Wallace, Sidney

Sidney Wallace was a legendary part of the state’s folklore during Arkansas’s Reconstruction. Some portrayed him as boldly resisting bushwhackers and carpetbaggers, while, to others, Wallace was a symbol of the lawless frontier life that Arkansas needed to transcend. Sid Wallace was born on the Wallace family farm near Clarksville (Johnson County) on August 11, 1851, the fifth of seven children of Vincent Wallace, a Methodist minister, and his wife, Ruth Suggs Wallace. On December 31, 1863, Wallace’s father was murdered in front of his house by three or more men wearing Union army coats. Accounts vary concerning the attackers, whether they were Union soldiers or local bushwhackers in disguise. Some accounts suggest that Wallace was a witness to his …

Walnut Ridge Race War of 1912

The Walnut Ridge Race War of 1912 was an instance of violent nightriding (also known as whitecapping) in which a group of white vigilantes attempted to drive African Americans from the city of Walnut Ridge (Lawrence County). They did not succeed in making Walnut Ridge an all-white town, but they did manage to drive black laborers from certain local industries, which was often the aim of nightriders, who were frequently poor whites who wanted those jobs for themselves. In early April 1912, notices signed “Kit Karson and Band” were posted in Walnut Ridge ordering local African Americans to leave the city. A committee of white citizens responded to this threat by posting their own warnings to the band in question, …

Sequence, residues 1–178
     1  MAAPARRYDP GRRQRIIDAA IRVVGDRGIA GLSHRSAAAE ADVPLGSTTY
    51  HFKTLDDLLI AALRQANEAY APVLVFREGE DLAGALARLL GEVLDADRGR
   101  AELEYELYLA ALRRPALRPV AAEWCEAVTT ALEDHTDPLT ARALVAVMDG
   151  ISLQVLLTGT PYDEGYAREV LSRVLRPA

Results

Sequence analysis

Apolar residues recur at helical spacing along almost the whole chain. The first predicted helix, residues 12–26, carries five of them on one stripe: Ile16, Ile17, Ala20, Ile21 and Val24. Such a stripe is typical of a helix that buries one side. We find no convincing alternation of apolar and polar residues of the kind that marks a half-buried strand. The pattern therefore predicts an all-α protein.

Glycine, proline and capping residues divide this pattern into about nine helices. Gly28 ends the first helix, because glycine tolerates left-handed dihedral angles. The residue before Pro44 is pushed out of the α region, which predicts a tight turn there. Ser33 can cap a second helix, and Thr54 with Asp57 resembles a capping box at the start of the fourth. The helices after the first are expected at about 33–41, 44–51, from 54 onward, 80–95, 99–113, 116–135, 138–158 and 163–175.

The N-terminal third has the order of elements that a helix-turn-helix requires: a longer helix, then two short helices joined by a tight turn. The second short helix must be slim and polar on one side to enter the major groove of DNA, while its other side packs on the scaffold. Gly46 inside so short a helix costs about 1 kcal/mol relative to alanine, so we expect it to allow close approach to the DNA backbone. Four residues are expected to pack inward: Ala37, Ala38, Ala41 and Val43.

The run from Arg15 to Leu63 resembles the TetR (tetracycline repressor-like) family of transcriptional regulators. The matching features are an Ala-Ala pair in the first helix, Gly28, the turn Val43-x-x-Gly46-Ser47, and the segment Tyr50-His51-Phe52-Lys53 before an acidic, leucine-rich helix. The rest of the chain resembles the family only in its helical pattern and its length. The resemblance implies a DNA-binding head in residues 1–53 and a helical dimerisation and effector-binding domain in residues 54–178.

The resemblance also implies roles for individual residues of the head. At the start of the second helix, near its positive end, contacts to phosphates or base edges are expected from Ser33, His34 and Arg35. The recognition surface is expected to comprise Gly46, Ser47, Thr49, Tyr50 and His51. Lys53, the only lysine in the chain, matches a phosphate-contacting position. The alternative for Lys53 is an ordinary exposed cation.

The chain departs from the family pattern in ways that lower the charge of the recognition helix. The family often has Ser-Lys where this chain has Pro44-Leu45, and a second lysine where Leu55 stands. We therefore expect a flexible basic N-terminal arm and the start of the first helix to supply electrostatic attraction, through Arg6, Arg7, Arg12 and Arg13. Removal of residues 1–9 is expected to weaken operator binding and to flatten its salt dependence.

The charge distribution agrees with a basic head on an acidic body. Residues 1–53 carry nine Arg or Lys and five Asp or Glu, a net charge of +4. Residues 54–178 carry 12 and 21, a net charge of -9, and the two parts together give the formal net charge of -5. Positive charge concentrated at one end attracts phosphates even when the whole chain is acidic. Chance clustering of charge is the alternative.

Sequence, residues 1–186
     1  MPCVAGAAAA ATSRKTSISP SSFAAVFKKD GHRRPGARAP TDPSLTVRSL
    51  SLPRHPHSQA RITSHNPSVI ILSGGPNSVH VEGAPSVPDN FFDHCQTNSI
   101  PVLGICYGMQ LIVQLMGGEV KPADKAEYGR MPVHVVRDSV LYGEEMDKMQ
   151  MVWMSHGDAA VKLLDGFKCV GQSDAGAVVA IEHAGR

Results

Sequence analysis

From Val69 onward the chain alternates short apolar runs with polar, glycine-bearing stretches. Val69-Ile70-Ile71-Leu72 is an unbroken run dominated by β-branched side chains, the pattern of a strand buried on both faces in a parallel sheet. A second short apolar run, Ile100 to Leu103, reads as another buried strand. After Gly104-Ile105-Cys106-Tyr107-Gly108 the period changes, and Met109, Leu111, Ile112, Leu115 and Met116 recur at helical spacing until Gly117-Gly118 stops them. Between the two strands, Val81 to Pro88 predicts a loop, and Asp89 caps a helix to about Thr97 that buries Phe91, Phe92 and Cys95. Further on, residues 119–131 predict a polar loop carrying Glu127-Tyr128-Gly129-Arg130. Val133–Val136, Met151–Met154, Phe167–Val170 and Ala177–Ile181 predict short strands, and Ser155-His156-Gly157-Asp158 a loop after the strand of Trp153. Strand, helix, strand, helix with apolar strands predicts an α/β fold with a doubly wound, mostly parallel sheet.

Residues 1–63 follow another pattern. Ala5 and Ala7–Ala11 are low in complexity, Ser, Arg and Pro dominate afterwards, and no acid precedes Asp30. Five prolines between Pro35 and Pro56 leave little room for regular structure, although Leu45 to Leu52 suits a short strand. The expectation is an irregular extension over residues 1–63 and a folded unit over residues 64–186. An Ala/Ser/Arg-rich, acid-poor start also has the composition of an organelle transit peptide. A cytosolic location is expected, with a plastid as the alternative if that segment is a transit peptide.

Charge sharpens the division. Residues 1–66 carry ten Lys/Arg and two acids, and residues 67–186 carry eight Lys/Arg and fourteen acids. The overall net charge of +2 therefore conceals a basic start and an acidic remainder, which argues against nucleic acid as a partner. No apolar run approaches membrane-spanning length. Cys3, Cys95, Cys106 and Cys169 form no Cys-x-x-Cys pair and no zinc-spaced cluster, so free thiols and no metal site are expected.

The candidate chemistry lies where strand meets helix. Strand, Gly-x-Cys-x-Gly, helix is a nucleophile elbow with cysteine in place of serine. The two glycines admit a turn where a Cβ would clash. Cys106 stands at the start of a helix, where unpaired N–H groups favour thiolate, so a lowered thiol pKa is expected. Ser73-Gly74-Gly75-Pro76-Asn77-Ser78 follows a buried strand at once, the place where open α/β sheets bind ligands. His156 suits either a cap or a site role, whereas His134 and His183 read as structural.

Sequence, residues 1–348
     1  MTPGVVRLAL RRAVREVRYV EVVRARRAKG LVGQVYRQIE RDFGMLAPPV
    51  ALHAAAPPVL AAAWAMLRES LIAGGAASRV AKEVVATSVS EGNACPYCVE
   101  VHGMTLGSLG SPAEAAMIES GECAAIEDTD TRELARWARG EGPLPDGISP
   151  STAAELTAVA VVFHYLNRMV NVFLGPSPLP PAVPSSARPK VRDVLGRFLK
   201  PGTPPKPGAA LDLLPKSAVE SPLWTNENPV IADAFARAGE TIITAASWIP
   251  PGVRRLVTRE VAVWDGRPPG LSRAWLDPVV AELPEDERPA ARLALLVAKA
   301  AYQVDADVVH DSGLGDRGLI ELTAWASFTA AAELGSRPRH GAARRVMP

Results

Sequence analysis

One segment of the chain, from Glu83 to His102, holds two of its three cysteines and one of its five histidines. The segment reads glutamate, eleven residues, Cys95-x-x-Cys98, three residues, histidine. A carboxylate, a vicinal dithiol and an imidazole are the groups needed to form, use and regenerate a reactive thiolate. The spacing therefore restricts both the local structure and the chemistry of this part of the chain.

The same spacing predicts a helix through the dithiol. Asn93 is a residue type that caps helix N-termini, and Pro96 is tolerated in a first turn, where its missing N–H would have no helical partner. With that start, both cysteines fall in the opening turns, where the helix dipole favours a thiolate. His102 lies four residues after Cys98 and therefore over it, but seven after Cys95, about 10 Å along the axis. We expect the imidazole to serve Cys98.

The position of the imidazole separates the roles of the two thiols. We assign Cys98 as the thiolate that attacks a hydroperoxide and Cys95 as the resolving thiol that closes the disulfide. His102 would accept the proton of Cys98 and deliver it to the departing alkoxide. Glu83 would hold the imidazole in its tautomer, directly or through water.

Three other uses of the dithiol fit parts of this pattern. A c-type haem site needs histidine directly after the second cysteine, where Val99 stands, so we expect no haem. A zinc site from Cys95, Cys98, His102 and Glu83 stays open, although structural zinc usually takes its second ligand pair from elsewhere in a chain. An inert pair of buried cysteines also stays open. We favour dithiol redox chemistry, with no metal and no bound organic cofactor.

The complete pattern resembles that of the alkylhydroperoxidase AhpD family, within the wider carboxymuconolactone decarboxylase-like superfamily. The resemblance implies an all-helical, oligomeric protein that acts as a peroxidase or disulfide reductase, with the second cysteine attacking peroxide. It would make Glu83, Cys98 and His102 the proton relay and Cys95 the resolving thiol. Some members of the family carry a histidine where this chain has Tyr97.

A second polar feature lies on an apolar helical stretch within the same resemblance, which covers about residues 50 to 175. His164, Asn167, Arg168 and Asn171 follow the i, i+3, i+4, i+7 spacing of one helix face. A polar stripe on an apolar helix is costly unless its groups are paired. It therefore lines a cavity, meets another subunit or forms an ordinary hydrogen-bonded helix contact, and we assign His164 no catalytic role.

Ware, Jim and Jack (Lynching of)

On July 14, 1895, brothers Jim and Jack Ware, who allegedly assisted Wiley Bunn in the murder of Allen Martin, were lynched in Hampton (Calhoun County). The Ware family had been living in Calhoun County for some time. In 1870, Moses and Easter Ware were living in Jackson Township. Among their children were two sons, fifteen-year-old James (Jim) Ware and thirteen-year-old Jack. Moses and James Ware were working as laborers. They were still in Jackson Township in 1880. Jack, along with James and James’s wife, Susan, were still living with their parents. Moses was farming, and both James and John were working as laborers. In 1880, fourteen-year-old Willey (Wiley) Bunn was living in Jackson Township with his parents, Drew and …

Warren, Will (Lynching of)

Will Warren, an African-American man, was murdered in rural Garland County on January 15, 1916, as the result of an apparent quarrel with some young white boys. After murdering Warren, a white mob burned down his house and a local black church. Warren is described in newspaper reports as being one of the leading figures in a black settlement located between Buckville (Garland County) and Cedar Glades (Garland County). Determining the exact identity of Warren is difficult, as no report on his murder includes his age, occupation, or other identifiers. However, there was a Willie Warren, then nineteen years old, listed on the 1910 census in neighboring Montgomery County working as a farm laborer. Willie Warren lived in Fir Township, …

Washington, George (Lynching of)

In the spring of 1871, an African American named George Washington was lynched in Baxter County for allegedly assaulting a young girl. The girl’s father is variously referred to as James or George Calvin, with the surname sometimes given as Galvin. He lived on the White River south of Mountain Home (Baxter County). Public records reveal nothing about these people. The 1870 census lists no adult George or James Calvin or Galvin in Baxter County, or even in the state of Arkansas. The same is true in neighboring counties in Missouri. There was also no African American named George Washington listed in Baxter County. In his account of the lynching, Vincent Anderson quotes an article from the Baxter County Citizen, …